While no one likes to think about what might go wrong on a vacation, planning for it can not only bring peace of mind, but also valuable assistance when needed.
If an illness, accident or sudden change in plans causes a trip to be interrupted or cancelled, there can be two major financial losses – money invested in nonrefundable prepayments and medical expenses that aren’t covered by health insurance.
If you’re wondering if travel insurance is right for you, the U.S. Travel Insurance Association (USTIA) recommends asking yourself the following questions:
• Can I afford to lose my vacation investment if something goes wrong due to illness, weather or some other unforeseen circumstances?
• If I have to cut my trip short because of an emergency, can I afford the cost of a return airline trip home?
• Does my health insurance cover me away from home and in foreign countries if I become ill or am injured while traveling?
• If my bags are lost or I have to spend an extra night because of weather-related problems, can I afford to buy replacement necessities and pay for extra lodging?
If you answered “No” to any of these questions, travel insurance may very well be a wise investment.
Types of travel insurance
Most policies usually bundle the following three types of coverage into one comprehensive policy.
• Financial reimbursement for trip cancellation, interruption and delay in situations arising from conditions such as illness or bad weather; and for baggage loss and/or delay.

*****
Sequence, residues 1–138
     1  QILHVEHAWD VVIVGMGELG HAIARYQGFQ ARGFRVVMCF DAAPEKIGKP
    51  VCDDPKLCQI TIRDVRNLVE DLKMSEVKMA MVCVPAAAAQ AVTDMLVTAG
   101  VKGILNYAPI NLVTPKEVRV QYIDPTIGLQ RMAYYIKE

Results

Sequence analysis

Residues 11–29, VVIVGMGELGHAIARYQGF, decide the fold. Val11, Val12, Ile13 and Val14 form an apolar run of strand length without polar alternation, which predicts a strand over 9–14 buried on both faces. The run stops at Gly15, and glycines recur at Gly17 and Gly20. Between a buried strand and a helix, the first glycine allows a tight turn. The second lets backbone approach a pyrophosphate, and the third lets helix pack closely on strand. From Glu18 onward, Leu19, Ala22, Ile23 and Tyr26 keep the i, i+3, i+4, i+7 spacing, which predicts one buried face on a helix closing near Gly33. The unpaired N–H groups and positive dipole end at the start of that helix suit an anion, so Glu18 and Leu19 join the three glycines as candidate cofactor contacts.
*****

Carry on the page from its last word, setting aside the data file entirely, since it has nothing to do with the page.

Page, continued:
• Medical insurance and medical evacuation coverage in the event you become ill or are somehow injured while traveling.
• A 24-hour assistance line to help find doctors, help arrange accommodations, or contact your family or other assistance in case of
Most travel insurance policies have limited medical coverage. However, separate medical travel insurance is available in most cases.
Travel insurance typically costs anywhere from 4 to 8 percent of the total trip. Cost is based on the length of trip, the destination and the age of
Not all carriers or policies are the same. It’s important to compare costs and coverage from several reputable carriers. Visit online sites, such as www.SquareMouth.com and www.WorldTravelCenter.com, to explore your options.
When comparing travel insurance policies, USTIA recommends asking questions concerning certain special circumstances.
• Are pre-existing medical conditions covered?
• If you’re on a sports trip, are injuries related to that sport covered?
• Are situations involving strikes, civil disturbances and terrorist acts covered?
• If for some reason your travel supplier goes out of business, are you still covered?
• Especially if on a cruise or tour, find out if the policy covers the entire trip, including airfare, hotel, shore excursions, sightseeing, and pre- and post-touring.
• Know what you’re buying. Pay attention to what the coverage is called. Travel insurance is regulated by each state. Travel protection isn’t. Less reputable brokers may try to pass off travel protection as insurance, which means you could be getting less than you bargained for – and possibly no coverage at all.
• Use a reputable company. Visit www.AMBest.com to see current ratings for a provider. A.M. Best is a worldwide insurance rating and information agency, and any reputable company will be rated by it.
• Shop around, and be sure to read policies very carefully to make sure you know exactly what is covered. If you have questions, talk to a licensed travel agent.